“I hadn’t been mugged, detained or anything close to that. Life gives you these jolts when you are all about smelling roses and glowing about your Instagram followers, and things work out fine, when you think of the worst.”
On the plane from Lima to Piura, I was silent for the whole 50 minutes. From the word go. All kinds of thoughts went on in my head, stretching and contracting to find their own space in the interiors of my mind, as though they were independent organisms going on with their own lives. Someone played reggae music behind. At some point, a baby cried behind me. The airhostess made her rounds with drinks, but ignored my row for some reason. These events, of course, were non-aligned. However, my anxious mind tried connecting the two events, going over the threads to find a common factor.
I wasn’t anxious for nothing: the moment the plane landed, I had to find a bus from Piura to Guayaquil that would take at least 10 hours. After the bus ride, I would have to catch a flight from Guayaquil to Quito the following evening. The whole reason to combine planes and buses was to save money, of course. If I would have taken a flight from Lima to Quito, it would cost me more than twice the amount I was paying now.
I called all of the bus companies and found that CIFA had a bus that would leave from Piura at 10:00pm, barely 30 minutes after my plane landed. My best bet was to leave that night and not leave anything to chance: I wanted to have ample time to catch the flight to Quito. Before my trip, I had read and heard numerous horror stories about crossing the border, that go like this:
- The bus leaving you at the border with your luggage, while you were bragging to the border agents about how their country was the greatest in the world.
- Some guy telling you about a blockade at the border, and offering you help, only to take you to a secluded location and ‘liberating’ you of everything but your boxer shorts and passport.
- Some other passengers walking off with your luggage.
- The border is a dodgy and sketchy place.
- Never, ever cross at night and CIFA is the worst bus company out there.
Armed with stories like these, you can imagine how I wanted to have a care-free crossing experience. My heart was pounding like a sledgehammer.
Of course, I didn’t have the luxury of taking it easy. I had the following options:
- Take a bus from Piura to Tumbes at night, and find another bus for Guayaquil the following morning. Transportes El Dorado has buses running from Piura to Tumbes from 6 am to midnight, for those who are ever in a similar situation.
- Grab my luggage from the trolley before they put it on conveyer belt, ask the taxi driver to drive like the motorcycle scene from “The Matrix,” catch the CIFA bus, and at the risk of being mugged or whatever, just DO it.
- In case I can’t catch the bus for CIFA, wait to take the next bus to Guayaquil at 7:30am, and go straight to the airport after arriving. If anything goes wrong, miss the flight.
In the end, without enacting the scene from “The Matrix” and without breaking any laws, I was able to catch the bus. The bus station was nothing much to speak about: the ticket cost me $15.00. The workers tagged the luggage, and soon I occupied the last seat on the bus. Wi-Fi on the bus didn’t work.
I slept on and off. The bus made stops here and there. Every now and then, the worker would unlock the bathroom for someone, wait outside, and bang on the door after 1 minute, yelling. Apparently this was to make sure you only peed. Been there and done it? Think again.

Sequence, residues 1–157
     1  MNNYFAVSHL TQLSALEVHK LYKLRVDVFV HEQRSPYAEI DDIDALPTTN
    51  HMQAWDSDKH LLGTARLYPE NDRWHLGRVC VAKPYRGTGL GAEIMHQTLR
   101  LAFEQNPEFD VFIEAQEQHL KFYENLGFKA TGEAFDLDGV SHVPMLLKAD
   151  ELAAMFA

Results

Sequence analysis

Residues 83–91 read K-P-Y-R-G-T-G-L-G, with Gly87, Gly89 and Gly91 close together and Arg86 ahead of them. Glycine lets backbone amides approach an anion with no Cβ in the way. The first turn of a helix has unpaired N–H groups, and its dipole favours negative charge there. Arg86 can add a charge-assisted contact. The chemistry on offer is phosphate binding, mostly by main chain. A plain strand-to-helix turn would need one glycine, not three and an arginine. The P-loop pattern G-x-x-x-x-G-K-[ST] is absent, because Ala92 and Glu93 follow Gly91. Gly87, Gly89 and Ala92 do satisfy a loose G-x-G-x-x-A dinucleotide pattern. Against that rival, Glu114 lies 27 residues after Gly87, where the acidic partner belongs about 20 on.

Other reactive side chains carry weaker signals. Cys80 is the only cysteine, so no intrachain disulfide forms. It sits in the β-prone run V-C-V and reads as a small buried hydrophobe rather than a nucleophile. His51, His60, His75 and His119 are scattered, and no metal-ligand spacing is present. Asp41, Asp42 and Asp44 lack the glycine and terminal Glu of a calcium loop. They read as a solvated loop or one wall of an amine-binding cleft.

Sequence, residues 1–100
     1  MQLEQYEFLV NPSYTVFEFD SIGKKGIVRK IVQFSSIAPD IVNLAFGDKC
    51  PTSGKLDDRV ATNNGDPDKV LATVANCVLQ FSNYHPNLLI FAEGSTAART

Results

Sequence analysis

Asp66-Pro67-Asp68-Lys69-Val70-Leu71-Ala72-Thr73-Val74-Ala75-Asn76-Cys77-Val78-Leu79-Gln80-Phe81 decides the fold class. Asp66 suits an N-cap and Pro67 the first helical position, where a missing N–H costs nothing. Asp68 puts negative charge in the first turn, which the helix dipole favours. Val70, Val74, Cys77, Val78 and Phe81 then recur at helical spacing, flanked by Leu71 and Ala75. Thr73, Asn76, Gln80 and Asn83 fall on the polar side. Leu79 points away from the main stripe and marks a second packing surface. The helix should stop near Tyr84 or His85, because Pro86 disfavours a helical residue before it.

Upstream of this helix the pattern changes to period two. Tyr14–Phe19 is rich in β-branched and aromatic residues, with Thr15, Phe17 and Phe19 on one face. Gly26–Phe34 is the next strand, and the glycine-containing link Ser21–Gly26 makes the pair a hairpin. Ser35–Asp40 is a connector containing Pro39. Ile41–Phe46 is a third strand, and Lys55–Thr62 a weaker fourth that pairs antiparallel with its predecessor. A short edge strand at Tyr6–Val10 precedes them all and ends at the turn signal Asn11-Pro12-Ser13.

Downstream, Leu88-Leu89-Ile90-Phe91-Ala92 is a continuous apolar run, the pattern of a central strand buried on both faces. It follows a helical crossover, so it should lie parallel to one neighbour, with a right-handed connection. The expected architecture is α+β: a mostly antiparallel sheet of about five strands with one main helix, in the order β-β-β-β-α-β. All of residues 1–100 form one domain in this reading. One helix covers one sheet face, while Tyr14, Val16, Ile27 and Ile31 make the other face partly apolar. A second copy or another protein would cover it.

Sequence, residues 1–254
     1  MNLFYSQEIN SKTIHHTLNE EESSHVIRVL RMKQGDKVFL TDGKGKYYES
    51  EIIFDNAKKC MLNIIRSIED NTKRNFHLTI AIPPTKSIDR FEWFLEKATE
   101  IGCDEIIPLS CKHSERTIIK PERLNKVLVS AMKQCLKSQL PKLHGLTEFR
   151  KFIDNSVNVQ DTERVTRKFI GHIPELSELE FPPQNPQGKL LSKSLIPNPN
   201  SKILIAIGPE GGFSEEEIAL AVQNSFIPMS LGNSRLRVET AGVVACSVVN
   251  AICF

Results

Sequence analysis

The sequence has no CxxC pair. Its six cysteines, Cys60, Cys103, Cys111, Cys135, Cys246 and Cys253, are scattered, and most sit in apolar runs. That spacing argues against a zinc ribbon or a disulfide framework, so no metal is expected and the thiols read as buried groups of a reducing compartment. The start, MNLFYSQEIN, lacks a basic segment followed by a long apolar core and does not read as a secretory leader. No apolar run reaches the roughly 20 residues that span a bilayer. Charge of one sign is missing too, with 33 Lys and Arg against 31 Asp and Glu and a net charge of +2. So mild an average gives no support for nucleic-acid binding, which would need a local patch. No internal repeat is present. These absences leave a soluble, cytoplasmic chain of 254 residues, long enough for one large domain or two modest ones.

The bus arrived at the Peruvian border post at 3:20am. Half-dizzy, I made my way to the office and joined the queue behind the other passengers. There were two serious-looking agents scanning everyone’s passports. When my turn came, I handed the agent my passport and the piece of pink paper with my date of entry stamped on it, and said buenos dias (good day). He checked out the pink paper. and counted the pages of my passport. In the end, it took a good 2 minutes to get him to stamp the exit date on my passport and hand it back to me.
After everyone was finished, we boarded the bus right outside the office and the bus rolled around for almost 3 kilometers in Aguas Verdes (the official name of the Peru-Ecuador border) to the immigration office in Ecuador.
Two or three taxis waited outside the office, waiting for their passengers as they went through immigration. The office was a bit smaller than their Peruvian counterpart, and there were two guys working at the desk. Reggae music blared from a couple of small speakers as we all made a queue. The agents soon called out people with small children to come up front, and the queue steadily moved forward.
All kinds of scenarios started to play in my head. I asked myself all of the “what-if” questions. The agent asked me if it was my first time, to which I replied, yes. He then asked me how many days I wanted in Ecuador. To my knowledge, everyone got 90 days in Ecuador, and the question kind of threw me off. I answered that I wasn’t sure, but while I was coming up with a better answer, he happily gave me 90 days.
We finally boarded the bus again and I passed out, hard. Apparently, a couple of border police stopped the bus at one more check point and the helper opened the luggage compartment. At this point, I woke up. It seemed like a routine check.
As we left from there, I closed my eyes and thought about the horror stories I had heard one more time. I hadn’t been mugged, detained or anything close to that. Life gives you these jolts when you are all about smelling roses and glowing about your Instagram followers, and things work out fine, when you think of the worst.
I made it to Guayaquil at 8:30am and caught the flight to Quito that evening. Mission accomplished.
Have you ever crossed a border overland? Please share your experience in the comments.